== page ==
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Reality Check

This presentation was shared by John Spencer at the June 2016 MEASURE Evaluation GIS Working Group Meeting.

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Reality Check

  1. 1. Reality check John Spencer MEASURE Evaluation 2016 MEASURE Evaluation GIS Working Group Meeting
  2. 2. When you see a rainbow, there are likely clouds somewhere near-by
  3. 3. Privacy/Confidentiality • Issues around individual level data are pretty well understood. • Spatial data have unique challenges regarding privacy and confidentiality • What policy documents exist? (USG, National Governments, Organizations) • What trainings exist?
  4. 4. k-anonymity • Given person-specific field-structured data, produce a release of the data with scientific guarantees that the individuals who are the subjects of the data cannot be re-identified while the data remain practically useful. • Latanya Sweeney, k-anonymity:a model for protecting privacy; International Journal on Uncertainty, Fuzziness and Knowledge-based Systems, 10 (5), 2002; 557-570
  5. 5. k-anonymity • Data can be suppressed or generalized to achieve suitable k-anonymity • Still some vulnerability to deductive disclosure • Alternatives: • L-diversity • T-closeness • Differential privacy Always a trade-off between data integrity and privacy
  6. 6. Privacy/Confidentiality • Action: Systematic review of methods and techniques
  7. 7. Stigma Data collected on certain populations may put groups at legal or physical risk. Once again spatial data has unique issues • In addition to methods and approaches described there are other considerations • Groups of individuals at risk • Harder to conceal concentrations of groups
  8. 8. Stigma A Framework for Ethical Engagement with Key Populations in PEPFAR Programs Breyer et al Improving access to services for some populations brings some risk
  9. 9. Stigma Action: Policies/guidance on spatial display of data on key populations.
  10. 10. Data Ownership Who “owns” the data? In other words, who has responsibility for: • Access to data • Policies around acceptable use • Data updating • Maintenance of hardware • Funding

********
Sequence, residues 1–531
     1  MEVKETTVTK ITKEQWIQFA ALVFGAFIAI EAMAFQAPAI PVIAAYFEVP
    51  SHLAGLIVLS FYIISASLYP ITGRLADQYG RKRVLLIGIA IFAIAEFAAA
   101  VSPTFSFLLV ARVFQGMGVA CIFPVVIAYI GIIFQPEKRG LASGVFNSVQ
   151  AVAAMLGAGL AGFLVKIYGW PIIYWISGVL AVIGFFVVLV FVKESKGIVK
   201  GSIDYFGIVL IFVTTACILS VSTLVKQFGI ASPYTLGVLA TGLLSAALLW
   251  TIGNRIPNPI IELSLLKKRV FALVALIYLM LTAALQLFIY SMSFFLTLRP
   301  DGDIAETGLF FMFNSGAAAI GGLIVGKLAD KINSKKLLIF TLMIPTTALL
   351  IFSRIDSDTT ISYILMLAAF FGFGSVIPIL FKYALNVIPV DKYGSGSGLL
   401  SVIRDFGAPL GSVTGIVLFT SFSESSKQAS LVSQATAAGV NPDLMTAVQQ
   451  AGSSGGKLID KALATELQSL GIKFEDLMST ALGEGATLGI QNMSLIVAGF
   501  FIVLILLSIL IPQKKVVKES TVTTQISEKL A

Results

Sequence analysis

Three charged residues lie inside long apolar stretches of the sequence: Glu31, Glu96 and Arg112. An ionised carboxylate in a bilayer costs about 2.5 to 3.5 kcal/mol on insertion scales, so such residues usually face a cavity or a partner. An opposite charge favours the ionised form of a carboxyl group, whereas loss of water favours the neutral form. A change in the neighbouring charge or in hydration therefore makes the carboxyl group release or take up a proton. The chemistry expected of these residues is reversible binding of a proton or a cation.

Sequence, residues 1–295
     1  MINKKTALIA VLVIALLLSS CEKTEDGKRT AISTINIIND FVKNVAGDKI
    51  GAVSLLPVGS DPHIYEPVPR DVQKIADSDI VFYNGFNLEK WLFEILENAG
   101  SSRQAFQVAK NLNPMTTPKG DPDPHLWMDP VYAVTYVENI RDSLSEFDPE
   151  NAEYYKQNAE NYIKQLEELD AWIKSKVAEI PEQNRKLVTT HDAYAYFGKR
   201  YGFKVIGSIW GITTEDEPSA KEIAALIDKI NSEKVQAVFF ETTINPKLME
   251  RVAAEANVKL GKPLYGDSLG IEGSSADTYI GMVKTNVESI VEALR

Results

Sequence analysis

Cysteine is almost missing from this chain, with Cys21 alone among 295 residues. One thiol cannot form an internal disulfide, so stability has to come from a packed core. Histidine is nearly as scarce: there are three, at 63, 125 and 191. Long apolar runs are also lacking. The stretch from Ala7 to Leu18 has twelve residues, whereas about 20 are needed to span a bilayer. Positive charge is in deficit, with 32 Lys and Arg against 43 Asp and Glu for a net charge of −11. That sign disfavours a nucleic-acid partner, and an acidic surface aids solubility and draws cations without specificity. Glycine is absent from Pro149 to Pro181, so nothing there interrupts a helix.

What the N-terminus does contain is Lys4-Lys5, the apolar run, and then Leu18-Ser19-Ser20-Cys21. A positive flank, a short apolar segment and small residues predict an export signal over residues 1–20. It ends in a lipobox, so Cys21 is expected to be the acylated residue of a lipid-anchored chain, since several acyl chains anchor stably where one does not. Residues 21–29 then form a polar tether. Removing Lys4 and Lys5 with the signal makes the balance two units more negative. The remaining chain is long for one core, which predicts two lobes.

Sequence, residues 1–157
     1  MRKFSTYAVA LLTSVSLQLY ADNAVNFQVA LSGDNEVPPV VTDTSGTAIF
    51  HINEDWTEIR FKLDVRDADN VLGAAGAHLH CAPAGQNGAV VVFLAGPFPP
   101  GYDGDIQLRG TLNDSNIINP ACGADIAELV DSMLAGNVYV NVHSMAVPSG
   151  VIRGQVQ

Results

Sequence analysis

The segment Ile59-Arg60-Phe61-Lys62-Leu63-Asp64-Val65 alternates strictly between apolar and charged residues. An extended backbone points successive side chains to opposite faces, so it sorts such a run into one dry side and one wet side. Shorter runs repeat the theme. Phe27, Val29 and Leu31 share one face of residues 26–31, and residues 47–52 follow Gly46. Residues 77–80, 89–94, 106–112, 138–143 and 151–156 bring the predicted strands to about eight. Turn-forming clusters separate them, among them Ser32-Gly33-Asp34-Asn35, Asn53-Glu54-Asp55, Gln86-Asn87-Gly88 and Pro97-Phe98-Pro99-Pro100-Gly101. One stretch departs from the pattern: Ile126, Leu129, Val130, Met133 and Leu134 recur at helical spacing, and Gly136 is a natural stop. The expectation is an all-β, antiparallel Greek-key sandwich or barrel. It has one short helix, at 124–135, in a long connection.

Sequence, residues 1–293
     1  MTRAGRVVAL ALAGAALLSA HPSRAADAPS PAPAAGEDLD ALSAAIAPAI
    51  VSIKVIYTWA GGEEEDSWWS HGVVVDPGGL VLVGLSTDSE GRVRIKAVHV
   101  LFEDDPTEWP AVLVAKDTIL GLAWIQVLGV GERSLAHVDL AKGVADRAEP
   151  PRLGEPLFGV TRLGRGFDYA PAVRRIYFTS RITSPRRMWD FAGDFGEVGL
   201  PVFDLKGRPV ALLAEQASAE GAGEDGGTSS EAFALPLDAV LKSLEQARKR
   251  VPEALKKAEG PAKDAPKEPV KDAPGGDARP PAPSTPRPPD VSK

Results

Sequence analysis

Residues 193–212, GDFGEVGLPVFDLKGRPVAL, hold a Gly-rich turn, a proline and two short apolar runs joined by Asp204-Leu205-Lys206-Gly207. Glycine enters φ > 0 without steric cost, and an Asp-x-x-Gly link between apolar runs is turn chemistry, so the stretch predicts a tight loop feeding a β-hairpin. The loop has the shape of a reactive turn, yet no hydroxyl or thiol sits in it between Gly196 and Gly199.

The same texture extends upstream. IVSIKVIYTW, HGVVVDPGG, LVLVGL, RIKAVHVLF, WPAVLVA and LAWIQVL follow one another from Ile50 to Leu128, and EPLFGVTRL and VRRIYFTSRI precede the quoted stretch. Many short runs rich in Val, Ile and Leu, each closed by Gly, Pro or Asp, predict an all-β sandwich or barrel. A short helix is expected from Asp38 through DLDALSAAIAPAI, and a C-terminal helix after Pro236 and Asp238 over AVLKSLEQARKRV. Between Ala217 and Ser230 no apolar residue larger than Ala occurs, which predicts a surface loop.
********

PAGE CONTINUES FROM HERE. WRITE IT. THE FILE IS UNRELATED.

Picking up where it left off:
11. 11. Data Ownership Co-ownership? Strengths and limitations of “co-ownership” • Funding • How to handle conflicts around data quality or policies? • National laws on data ownership Examples of complications around sharing of data.
  12. 12. Data Ownership Action: Clear policies around data ownership and definition of term. Is there a better concept than “owner”?
  13. 13. Data security How is the data protected from unauthorized access? DATIM • Robust security procedures National systems • ?
  14. 14. Data security National security considerations Some countries may have restrictions on release of information for “national security” reasons
  15. 15. Positives • Issues are not unique to PEPFAR or spatial data • Coincides with growth in techniques around data in other areas • Growth in ICT
  16. 16. Drones Advanced data collection approaches Machine learning
  17. 17. Internet of things (sensors) World that’s becoming more connected
  18. 18. What did we miss? List issues not covered Resources Contact information
  19. 19. MEASURE Evaluation is funded by the U.S. Agency for International Development (USAID) under terms of Cooperative Agreement AID-OAA-L-14-00004 and implemented by the Carolina Population Center, University of North Carolina at Chapel Hill in partnership with ICF International, John Snow, Inc., Management Sciences for Health, Palladium Group, and Tulane University. The views expressed in this presentation do not necessarily reflect the views of USAID or the United States government.